IH, via email

Yes, KIA does not feature because KIA warrants its cars for 7 years, so WD does not get a look in for 7 years. A similar situation applies with Ssangyong and MG, while Toyotas and Hyundais carry 5 year warranties.

Click back to Honest John’s Motoring Agonies 15-12-2018 Part 1


Engineer Andy    on 14 December 2018

Re: Faults Economies

I agree that (IMHO) the WD Reliability Index doesn't take into account many factors, including the extent that each owner looks after the car (i.e. whether it's home maintained, at a rubbish backstreet indie or a decent one, similarly with the main dealers [whose quality can vary just as much]) and, just as importantly, drives it - someone who treats it with sympathy will get more life out of it without trouble than those who don't.

Engineer Andy    on 14 December 2018

Re: Bikes Shed

Just a word of warning to DD that if you get a roof carrier for your bikes, just remember that when using it (presumably the type where the bikes stand upright) to be aware of going into 'car only' car parks at service stops or munipical car carks, most of which have height restrictor barriers which won't do your bikes or the car any good at all should you drive through, especially when going on holiday or day trips when you're concentrating on other things...


Palcouk    on 14 December 2018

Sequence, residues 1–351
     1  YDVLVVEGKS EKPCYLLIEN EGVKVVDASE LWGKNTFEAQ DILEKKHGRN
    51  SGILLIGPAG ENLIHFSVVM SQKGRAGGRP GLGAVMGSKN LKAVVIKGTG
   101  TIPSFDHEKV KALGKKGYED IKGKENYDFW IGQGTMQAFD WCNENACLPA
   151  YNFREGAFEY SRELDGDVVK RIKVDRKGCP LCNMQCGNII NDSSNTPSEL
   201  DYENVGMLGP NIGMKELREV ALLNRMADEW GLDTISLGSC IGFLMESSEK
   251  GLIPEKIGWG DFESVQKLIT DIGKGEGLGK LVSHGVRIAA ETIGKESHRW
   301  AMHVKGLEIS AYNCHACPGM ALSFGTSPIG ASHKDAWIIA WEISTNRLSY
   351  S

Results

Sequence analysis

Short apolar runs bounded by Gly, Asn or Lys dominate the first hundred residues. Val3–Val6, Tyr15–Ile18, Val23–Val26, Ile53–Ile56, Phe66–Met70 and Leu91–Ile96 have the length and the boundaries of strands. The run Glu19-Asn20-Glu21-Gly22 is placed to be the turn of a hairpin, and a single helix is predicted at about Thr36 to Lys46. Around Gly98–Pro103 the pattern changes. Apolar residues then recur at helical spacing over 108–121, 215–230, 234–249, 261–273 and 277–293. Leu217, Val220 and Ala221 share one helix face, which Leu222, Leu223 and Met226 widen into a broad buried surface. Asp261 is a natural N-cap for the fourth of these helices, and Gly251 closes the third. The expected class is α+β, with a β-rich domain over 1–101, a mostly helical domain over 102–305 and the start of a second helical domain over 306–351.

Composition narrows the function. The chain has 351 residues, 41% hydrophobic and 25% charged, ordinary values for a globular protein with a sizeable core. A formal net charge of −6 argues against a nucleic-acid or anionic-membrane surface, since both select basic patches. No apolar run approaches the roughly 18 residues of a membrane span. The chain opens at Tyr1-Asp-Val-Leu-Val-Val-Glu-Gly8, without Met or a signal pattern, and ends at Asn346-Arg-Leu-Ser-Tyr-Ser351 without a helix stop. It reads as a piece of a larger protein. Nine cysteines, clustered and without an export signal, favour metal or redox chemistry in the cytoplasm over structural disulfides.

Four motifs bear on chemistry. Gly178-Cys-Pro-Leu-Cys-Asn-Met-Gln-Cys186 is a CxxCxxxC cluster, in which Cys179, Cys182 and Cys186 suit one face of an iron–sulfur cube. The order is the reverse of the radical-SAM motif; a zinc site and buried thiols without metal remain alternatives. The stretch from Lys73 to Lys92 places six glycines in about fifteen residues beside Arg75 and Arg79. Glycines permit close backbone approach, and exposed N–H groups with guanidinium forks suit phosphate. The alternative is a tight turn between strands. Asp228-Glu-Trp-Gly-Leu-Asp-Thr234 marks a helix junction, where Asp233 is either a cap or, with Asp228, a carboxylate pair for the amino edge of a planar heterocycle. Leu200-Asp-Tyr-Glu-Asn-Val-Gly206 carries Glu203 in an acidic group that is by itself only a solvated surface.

A generalisation would be if you want reliabilty buy Japanese/Korean if you want to pose buy German, and so long as its a 3 year lease on a new car you would probably be OK

glidermania    on 14 December 2018

Ive had 3 BMWs, a 2002 E46 that I did over 217,000 miles in before selling (it is still on the road with nearly 250,000 miles on it). No problems and apart from having the original turbo refurbed at 150,000 miles, only went through 2 full sets of disc brakes.

I also had a 2009 E92 for 24,000 miles. Absolutely no issues and only cost me servicing. Finally, I had a 2nd generation E89. Did 74,000 miles, again, absolutely no issues and only service costs.

Maybe the fact I had them all regularly serviced at the correct intervals by the main agents meant I had over 16 years of ownership covering over 300,000 miles and not a single breakdown? It cannot be co incidence.

another Andy    on 14 December 2018